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Death and Justice

3.52 of 5 stars 3.52  ·  rating details  ·  42 ratings  ·  9 reviews
Controversy rages about capital punishment as innocent men and women are being released from death rows all over the country. Are innocent people being executed? Is capital punishment justice or is it revenge?

Into the debate steps Mark Fuhrman, America's most famous detective, and no stranger to controversy himself.

Fuhrman seeks to answer these questions by investigating
Paperback, 288 pages
Published September 28th 2004 by William Morrow Paperbacks
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First read this right after it came out in 2003. Just read it again as we (Oklahoma) executed another soul this week. Although the Macy-Gilchrist machine described in this book are long defunct, regretfully the death penalty in OK is alive and well, poor pun intended. Don't get me wrong, I am not soft on crime, not in the least. As the author's eleven year old daughter said about Timothy McVeigh's execution, “They shouldn't have killed him. They should have left in him jail for the rest of his l ...more
Jay Keys
Jul 10, 2007 Jay Keys rated it 2 of 5 stars
Recommends it for: Opponents of the death penalty.
Before you say anything, I know...hi, everyone, it's Mark Fuhrman, racist cop from the mid 1990s. Ugh.

Anyway, this book provides a good glimpse into the process, failures and weaknesses in the way the death penalty is handled in the United States. Fuhrman knows his stuff, no doubt.

It's great fire for opponents of the death penalty, which is suprising, because in the beginning of the novel Fuhrman is hawkish and pro-death penalty. However, as his research into how the Oklahoma County (OK) DA's of
Jerry Smith
Had no idea Fuhrman was doing this now - quite the career change. Actually his writing, whilst straightforward prose, isn't bad and he is well placed to offer a persepctive as a former cop.

i read this after reading Innocent Man by Grisham, whose writing is more fluent and it seems that, whatever you think about the death penalty, the process in OK leaves (or left) quite a bit to be desired.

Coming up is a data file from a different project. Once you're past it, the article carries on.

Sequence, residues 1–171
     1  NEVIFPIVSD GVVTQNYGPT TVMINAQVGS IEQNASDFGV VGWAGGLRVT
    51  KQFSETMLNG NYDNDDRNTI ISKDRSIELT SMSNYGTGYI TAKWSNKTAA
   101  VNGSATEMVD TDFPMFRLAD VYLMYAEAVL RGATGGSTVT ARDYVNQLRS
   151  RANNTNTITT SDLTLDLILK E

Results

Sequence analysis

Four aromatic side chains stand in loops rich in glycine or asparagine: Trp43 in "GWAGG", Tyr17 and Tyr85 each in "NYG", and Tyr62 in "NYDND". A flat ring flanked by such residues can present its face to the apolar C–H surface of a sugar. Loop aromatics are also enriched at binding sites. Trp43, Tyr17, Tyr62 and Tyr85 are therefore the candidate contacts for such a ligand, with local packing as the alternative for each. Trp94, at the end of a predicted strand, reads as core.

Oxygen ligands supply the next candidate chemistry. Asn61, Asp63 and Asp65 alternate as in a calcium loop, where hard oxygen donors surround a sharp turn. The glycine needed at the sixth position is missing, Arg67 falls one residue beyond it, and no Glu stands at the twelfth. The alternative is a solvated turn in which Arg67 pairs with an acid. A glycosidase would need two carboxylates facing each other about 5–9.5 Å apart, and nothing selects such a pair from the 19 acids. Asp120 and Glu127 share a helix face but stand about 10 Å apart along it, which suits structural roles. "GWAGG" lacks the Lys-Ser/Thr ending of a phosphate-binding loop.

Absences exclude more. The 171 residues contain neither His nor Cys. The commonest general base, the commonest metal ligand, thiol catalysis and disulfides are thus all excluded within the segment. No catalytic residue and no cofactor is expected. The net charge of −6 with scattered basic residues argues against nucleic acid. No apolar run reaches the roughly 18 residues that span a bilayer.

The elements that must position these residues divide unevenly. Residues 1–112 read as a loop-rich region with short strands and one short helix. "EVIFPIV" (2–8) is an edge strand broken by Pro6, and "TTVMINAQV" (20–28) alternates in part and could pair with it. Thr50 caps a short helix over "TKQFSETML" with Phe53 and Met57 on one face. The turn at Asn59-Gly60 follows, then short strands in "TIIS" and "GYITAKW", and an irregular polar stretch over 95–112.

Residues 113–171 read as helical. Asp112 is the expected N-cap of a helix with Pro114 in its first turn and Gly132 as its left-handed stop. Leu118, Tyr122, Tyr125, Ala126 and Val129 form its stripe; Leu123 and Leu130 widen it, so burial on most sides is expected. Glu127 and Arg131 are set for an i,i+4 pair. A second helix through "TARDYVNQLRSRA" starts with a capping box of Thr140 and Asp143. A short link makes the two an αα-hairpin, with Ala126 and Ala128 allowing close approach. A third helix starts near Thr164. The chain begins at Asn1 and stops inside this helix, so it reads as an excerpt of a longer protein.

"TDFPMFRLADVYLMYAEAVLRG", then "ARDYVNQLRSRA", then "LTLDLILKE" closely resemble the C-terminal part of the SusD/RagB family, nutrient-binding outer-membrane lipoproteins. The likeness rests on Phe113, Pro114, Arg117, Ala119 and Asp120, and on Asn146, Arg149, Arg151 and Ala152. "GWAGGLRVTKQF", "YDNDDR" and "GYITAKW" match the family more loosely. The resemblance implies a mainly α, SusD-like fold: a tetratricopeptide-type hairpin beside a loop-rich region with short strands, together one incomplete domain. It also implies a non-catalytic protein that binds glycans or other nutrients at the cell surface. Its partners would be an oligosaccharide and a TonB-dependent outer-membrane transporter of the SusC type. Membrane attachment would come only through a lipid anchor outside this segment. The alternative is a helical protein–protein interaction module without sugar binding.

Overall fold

It is interesting to read Fuhrman's take as a pro-death penalty advocate, at least when he set out. Statem
I could not stop reading this once I began, for a number of reasons. I'm against the death penalty, and I found much of what was described to be horrifying and upsetting. And more personally, I moved to Oklahoma City, the topic of the book, about a year and a half ago.

But even more personally, I know some of the people discussed, not on a personal level, but on a professional one. I talk to them, when I see them, even if it's just a greeting. The events detailed occurred 10-30 years ago, and the
An investigation into justice system abuses and mistakes by an Oklahoma City DA and criminologist. Although decently written, well analyzed, and thought provoking, I didn't think the arguments concerning the death penalty were stated as cogently as they could have been. Also, I think a more thorough characterization of the the criminologist, and, to a lesser extent, the DA would have added to the story.
Subtitled "An expose of Oklahoma's death row machine", the book exposes the empire of Bob Macy and Joyce Gilchrist and their desire to get a "win" at all costs--sending innocent people to prison and even death row in Oklahoma.
I had to read this for a crime and punishment class. For being a racist sleezeball he is a good writer and it is a good book. So good it changed my perspective and view on the death penalty.
Sean Hopkins
It is difficult to imagine anyone supporting death penalty after reading this book.
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